Your first boot is really easy, and the simpler you make it, the better!
First off, do your first boot on a striped down PI, so that if problems do arise, they are not compounded by potentially multiple issues. So, don’t install your new PI4 in a case yet, or put on the heatsinks. And, don’t attach any other USB devices other than a keyboard or game controller. Start with one HDMI monitor plugged in. And, start using the HDMI port next to the power supply jack. This will eliminate any problems that could arise from the other devices.
The simple first boot up:
1. Plug in your monitor (plug it in to the Micro HDMI port next to power supply plug in. This port is the only HDMI port that supports sounds over HDMI)
2. Plug in your USB game controllers (or keyboard)
3. Inserting your new RetroPI SD Card in the SD Card slot
4. Plug in the power and wait for boot…
A normal RetroPI boot usually takes about 30 seconds. It starts by the disk activity light on PI flashing as it reads the card, in a non-steady blink. If the blink is a steady “on and off”, then it indicates that it is having trouble read the card that is inserted. Within a few seconds of power up, you should see a cursor line blink in the top left corner of your HDMI monitor. Then after about 10-15 seconds, your should see the Rasbian OS text splash, followed by the list of emulators installed, and then a park at a screen asking you to set up your keyboard or game controllers. If you didn’t see what is described here, then you might have an issue with your set up.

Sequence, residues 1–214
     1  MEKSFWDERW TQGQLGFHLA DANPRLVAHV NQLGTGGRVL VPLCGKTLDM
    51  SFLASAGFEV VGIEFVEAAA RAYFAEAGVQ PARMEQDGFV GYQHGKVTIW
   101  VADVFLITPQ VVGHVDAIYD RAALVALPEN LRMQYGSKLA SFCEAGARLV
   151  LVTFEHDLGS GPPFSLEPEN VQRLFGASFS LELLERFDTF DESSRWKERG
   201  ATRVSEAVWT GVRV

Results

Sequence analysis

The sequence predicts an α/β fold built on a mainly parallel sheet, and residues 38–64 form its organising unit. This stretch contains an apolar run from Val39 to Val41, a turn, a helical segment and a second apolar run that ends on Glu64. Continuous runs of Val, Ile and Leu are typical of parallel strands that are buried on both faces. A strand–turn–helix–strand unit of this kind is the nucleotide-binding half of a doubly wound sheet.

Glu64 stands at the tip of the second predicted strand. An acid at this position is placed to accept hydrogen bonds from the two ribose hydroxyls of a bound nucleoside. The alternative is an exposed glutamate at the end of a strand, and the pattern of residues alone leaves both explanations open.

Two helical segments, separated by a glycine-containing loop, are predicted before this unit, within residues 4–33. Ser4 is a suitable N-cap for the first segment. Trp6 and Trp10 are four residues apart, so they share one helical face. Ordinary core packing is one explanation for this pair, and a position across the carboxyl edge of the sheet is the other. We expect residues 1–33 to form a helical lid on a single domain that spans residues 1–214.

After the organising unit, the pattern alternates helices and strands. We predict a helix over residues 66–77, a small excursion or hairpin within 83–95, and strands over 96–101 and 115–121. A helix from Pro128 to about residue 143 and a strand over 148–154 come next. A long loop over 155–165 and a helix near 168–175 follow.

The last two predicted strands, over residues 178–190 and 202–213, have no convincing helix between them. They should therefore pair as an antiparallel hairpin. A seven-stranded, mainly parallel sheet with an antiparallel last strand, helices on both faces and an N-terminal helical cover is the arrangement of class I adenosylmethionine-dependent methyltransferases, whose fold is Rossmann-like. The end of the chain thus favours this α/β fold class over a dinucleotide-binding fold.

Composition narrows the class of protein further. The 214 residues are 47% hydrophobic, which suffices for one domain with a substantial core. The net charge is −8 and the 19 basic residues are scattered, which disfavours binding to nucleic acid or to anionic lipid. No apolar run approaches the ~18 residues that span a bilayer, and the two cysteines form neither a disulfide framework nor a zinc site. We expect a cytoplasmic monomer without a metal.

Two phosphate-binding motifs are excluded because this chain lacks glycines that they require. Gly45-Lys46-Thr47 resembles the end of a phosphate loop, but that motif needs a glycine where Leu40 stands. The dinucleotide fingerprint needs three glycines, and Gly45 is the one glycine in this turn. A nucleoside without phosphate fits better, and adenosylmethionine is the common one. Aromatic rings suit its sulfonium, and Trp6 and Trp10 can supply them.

After the boot works properly and everything seems to be working as expects, then start adding the attachments you want to add you your PI such as cases, heat sinks, Arcade Fight stick setups, second monitors… etc. Add each item one at a time, to make sure each item works as expected.
For gaming, your PI4 needs a heatsink. It is very common that cases and heatsinks cause electrical shorts that permanently damage your PI motherboard or Micro SD Card. Every heat sink and case design is different. Make sure when installing a heat sink that you don’t get heatsink grease on any other components, circuit traces, chip pins, or connectors. Also make sure that the metal on the heat sink (or case) is not touching anything conductive on your PI motherboard. Either can short your pi and or SD card, and permanent damage both.